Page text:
An Unplanned Pregnancy in Extreme Poverty
Amoding Esther walked into WAGRAU’s office pregnant, desperate and alone. The “father” of her unborn child was never “in the picture”, and her own father threw her out of the family home for being so “careless”.
One thing we all know is – sex happens. And so do unplanned pregnancies, particularly in a country where 50% of women say they have experienced sexual violence*. In this remote village of Serere people are trying to survive on an average of $1.04 per day**; adding another person to the family can literally be a survival tipping point. In a marriage the husband’s family would have provided for Amoding and her baby. So she was thrown out not just for shame, but for the family’s survival and to discourage others from doing the same.
With few prospects on how to support herself or her baby, Amoding found out about the work (Founder and Executive Director) Deborah Akello and WAGRAU were doing in her area to empower women and girls. After meeting Amoding and learning of her story, WAGRAU invited her to be in the very first class of tailoring students. Thanks to mediation by WAGRAU, and the promise of a skill, Amoding’s grandmother stepped in and allowed her to come live at her home. With a roof over her head and her basic needs met, Amoding flourished in the tailoring program and quickly became a very skilled seamstress.
For women living in extreme poverty, access to education and opportunity often must go hand in hand with relief support. Deborah and her staff could see that Amoding was a hard worker, committed to learning tailoring, and determined to make a better life for herself and her child. When it came time for her to give birth, WAGRAU helped by paying 150,000 UGX ($40) for hospital bills. This kind of extra support is an integral part of the mission and success of WAGRAU.
When Amoding completed the tailoring course at WAGRAU, her grandmother sold two of her goats towards buying a sewing machine for her, along with 5 pieces of kitenge (Ugandan fabric), zippers and thread. After Amoding and her grandmother had shown such commitment, WAGRAU topped off an extra 100,000 UGX ($27) to help get her to her goal. Heartbreakingly, her grandmother passed just before Amoding’s formal graduation from the tailoring program, which was delayed because of the pandemic lockdown.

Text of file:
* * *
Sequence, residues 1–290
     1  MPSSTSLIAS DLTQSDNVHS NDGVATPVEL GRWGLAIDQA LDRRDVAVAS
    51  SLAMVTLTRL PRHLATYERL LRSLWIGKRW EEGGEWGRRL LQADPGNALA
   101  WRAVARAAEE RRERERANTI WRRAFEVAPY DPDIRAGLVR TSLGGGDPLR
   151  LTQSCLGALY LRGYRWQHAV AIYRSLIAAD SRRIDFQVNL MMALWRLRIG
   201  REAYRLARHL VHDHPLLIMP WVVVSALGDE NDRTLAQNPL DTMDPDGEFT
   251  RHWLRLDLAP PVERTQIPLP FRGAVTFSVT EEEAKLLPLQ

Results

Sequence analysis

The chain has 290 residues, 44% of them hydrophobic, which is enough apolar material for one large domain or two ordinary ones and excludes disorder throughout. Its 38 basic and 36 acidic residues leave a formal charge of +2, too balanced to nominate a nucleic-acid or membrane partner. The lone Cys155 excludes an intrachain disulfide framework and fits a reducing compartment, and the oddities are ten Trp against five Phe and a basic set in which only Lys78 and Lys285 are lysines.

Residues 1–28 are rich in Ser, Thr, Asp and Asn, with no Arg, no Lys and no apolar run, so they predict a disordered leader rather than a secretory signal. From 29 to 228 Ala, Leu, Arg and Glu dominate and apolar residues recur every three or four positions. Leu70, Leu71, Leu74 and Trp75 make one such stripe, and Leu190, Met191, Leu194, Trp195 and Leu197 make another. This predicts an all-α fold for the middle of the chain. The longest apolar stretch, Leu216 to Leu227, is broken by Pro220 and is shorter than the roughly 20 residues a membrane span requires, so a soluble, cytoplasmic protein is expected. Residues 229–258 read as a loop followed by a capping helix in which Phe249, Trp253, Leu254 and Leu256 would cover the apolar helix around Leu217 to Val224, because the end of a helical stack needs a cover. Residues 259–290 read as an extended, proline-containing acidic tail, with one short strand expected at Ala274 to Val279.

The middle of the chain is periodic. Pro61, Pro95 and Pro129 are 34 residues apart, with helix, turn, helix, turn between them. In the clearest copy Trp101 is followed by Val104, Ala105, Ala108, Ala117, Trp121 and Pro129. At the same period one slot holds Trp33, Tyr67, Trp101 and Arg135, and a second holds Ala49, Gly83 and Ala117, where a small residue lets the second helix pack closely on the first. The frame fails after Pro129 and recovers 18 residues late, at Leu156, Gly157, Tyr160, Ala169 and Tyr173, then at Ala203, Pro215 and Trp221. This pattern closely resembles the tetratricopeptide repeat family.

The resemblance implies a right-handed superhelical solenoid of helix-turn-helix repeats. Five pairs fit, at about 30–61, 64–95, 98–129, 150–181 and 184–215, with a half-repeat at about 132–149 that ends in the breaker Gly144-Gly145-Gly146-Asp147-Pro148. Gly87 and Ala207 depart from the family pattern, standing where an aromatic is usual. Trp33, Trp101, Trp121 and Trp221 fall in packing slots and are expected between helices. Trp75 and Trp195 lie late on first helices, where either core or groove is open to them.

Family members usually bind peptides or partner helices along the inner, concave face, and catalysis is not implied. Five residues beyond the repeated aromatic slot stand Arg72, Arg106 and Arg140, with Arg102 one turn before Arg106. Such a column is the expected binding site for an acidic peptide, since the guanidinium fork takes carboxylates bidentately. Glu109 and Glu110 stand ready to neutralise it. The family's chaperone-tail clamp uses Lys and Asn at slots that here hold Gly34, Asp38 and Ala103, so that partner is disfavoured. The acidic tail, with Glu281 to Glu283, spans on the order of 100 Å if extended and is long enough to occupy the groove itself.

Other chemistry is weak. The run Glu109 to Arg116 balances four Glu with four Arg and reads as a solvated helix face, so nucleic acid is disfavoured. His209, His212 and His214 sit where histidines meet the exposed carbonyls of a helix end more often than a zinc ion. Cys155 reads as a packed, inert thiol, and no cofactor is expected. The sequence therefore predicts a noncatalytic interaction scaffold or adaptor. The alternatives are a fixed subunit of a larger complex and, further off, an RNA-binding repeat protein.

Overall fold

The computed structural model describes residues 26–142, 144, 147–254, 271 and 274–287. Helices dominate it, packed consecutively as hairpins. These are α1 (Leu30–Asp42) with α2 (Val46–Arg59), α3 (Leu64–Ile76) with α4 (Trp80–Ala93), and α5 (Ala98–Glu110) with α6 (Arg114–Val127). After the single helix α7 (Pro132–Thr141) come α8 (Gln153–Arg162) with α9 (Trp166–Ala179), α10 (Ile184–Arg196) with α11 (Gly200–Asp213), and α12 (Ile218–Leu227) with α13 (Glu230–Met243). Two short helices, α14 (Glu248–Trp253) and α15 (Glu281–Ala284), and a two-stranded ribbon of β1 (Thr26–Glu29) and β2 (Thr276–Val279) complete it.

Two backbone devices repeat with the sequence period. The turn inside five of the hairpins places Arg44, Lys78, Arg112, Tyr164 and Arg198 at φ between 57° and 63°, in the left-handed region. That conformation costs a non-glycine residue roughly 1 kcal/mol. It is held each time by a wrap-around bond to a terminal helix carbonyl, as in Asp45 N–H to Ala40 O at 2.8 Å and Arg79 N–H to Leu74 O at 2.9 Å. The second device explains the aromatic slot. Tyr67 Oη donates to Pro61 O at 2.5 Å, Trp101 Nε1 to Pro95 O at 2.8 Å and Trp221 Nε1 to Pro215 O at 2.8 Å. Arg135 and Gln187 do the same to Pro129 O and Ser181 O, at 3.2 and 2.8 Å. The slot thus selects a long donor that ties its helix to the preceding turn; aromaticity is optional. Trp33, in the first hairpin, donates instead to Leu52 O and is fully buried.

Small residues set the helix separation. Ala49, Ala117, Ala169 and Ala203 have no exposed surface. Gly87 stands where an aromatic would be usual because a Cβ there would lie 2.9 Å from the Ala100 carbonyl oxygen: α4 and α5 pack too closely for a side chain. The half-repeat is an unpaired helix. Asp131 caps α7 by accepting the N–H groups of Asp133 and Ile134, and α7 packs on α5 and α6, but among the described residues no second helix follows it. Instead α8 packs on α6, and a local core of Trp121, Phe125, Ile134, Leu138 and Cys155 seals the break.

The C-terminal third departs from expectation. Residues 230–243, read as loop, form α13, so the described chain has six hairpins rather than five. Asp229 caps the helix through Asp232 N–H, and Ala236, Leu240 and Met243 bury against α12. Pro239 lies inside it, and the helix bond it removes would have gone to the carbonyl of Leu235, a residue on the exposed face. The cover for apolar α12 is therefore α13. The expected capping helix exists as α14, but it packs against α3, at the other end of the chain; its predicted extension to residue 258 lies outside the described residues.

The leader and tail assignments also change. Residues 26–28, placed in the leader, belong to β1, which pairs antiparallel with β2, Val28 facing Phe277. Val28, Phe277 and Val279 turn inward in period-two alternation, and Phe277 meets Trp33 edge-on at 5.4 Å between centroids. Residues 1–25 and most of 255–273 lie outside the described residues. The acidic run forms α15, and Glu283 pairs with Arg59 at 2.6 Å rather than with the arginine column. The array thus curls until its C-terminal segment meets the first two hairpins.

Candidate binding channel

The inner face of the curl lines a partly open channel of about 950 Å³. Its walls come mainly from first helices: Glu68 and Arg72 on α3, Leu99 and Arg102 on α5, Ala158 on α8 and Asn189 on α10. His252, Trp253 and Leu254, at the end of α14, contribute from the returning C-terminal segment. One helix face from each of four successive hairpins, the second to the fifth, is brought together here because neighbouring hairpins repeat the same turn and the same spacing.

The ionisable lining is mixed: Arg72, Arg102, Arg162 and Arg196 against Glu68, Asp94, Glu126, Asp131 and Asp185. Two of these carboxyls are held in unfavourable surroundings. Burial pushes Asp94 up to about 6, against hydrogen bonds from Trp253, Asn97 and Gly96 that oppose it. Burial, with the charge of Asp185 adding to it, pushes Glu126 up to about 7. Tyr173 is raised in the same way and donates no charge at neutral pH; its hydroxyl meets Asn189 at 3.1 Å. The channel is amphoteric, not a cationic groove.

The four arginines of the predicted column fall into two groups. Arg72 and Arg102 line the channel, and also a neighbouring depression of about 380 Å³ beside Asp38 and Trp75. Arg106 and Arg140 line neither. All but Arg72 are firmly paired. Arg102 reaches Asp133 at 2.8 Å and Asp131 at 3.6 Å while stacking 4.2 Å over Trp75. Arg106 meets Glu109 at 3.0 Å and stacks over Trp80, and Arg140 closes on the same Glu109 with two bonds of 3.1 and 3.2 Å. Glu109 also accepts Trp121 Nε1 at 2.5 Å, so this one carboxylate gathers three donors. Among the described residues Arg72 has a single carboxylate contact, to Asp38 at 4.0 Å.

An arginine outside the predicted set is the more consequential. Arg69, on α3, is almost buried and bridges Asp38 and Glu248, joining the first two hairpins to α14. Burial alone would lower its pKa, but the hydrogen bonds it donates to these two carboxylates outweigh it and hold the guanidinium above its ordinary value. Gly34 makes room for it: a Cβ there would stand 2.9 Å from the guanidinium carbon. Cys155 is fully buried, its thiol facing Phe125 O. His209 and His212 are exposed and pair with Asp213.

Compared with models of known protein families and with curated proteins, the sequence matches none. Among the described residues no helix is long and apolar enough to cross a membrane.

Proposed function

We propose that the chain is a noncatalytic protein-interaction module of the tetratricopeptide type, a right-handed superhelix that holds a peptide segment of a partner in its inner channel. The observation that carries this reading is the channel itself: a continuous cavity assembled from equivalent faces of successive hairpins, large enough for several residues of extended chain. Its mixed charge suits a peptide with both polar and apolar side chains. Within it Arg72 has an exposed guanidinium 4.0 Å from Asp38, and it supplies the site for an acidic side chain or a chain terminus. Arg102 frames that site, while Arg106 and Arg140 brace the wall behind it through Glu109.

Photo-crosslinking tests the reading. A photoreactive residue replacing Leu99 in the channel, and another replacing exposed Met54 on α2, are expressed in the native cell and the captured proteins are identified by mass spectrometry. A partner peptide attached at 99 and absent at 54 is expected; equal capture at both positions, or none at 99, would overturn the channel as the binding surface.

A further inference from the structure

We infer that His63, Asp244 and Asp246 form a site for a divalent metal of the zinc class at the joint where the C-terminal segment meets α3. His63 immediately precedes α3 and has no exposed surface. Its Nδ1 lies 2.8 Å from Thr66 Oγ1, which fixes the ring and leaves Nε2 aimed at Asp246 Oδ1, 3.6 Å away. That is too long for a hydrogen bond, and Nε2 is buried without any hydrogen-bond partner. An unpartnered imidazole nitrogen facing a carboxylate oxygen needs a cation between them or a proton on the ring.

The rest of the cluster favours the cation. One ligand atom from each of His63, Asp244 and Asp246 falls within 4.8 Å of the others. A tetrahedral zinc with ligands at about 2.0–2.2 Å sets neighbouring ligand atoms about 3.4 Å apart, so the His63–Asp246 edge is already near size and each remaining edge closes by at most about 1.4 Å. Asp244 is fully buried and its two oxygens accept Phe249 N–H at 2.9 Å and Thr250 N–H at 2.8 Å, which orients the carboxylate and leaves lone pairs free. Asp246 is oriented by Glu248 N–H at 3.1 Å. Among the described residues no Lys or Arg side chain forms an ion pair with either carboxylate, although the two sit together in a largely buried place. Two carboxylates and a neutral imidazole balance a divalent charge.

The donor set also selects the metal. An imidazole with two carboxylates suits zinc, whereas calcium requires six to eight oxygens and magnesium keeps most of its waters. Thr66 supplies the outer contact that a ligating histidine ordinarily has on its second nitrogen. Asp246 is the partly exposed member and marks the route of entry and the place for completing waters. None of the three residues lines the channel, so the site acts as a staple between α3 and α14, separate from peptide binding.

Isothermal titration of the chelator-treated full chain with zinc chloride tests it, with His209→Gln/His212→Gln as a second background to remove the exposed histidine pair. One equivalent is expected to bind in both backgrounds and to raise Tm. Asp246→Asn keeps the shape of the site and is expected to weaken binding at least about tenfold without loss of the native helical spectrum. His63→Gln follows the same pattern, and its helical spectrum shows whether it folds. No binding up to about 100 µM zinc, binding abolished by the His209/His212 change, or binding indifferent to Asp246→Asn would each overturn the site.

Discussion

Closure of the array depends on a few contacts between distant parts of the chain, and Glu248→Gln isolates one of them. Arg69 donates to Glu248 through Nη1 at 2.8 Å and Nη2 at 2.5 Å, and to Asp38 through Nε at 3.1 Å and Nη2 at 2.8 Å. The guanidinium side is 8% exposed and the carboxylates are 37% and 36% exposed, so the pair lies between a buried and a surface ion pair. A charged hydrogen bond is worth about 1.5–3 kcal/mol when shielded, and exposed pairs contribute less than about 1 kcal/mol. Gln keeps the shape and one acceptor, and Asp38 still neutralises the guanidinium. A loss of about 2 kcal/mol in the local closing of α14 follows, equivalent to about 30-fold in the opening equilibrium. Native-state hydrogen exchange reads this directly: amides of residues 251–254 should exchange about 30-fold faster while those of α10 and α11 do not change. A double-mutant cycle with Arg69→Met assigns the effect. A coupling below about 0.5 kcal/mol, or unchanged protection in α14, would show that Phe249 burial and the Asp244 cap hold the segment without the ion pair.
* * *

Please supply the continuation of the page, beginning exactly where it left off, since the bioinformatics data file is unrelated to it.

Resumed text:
SInce graduation, Amoding has been very clever about ways to earn money through her new tailoring skills. Not only making custom clothes to order, in the typical Ugandan way, but also pre-making girl’s dresses that can be bought on the spot. Amoding rents a small front porch from a local store owner, but through her hard work, and disciplined savings, she has managed to make payments for a small plot of land of her own! Amoding was especially motivated to become a property owner in order to give this land to her son one day. Because he is “illegitimate” he wouldn’t have any rights to “family land”. Through her tailoring work, she has already paid the owner of the land 3,400,000 UGX ($910) out of the total price of 4,000,000 UGX ($1,068), with just 600,000 UGX ($106) to go. Since she is so close to paying it off, the seller of the land is allowing her to grow a small plot of maize on it — which she cares for, then sells to help pay for the land itself!
WAGRAU’s skills training program combined with thoughtfully scaffolded support, has launched Amoding into a successful life. But not only is this a financial investment. At WAGRAU financial support always goes hand in hand with caring relationships, defined by dignity and accountability. By empowering women like Amoding we can break through the cycle of generational poverty.
WAGRAU’s small financial investment in Amoding included the training program, hospital fees, and half the cost of her sewing machine. A total of $150.
With the help of supporters like yourself, WAGRAU can continue to make impactful changes in the lives of women and girls in Serere, Uganda.
*RAINN.org article Sexual Violence in Six African Nations, Uganda
**”Estimating District GDP in Uganda”, 2017 University of Denver